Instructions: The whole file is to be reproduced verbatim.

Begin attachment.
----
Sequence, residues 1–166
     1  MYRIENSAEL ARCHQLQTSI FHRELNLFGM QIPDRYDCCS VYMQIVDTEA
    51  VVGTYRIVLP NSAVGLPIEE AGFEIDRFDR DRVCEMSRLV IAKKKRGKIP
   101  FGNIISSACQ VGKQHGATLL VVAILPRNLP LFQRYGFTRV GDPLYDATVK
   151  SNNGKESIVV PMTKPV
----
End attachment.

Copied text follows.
Sequence, residues 1–166
     1  MYRIENSAEL ARCHQLQTSI FHRELNLFGM QIPDRYDCCS VYMQIVDTEA
    51  VVGTYRIVLP NSAVGLPIEE AGFEIDRFDR DRVCEMSRLV IAKKKRGKIP
   101  FGNIISSACQ VGKQHGATLL VVAILPRNLP LFQRYGFTRV GDPLYDATVK
   151  SNNGKESIVV PMTKPV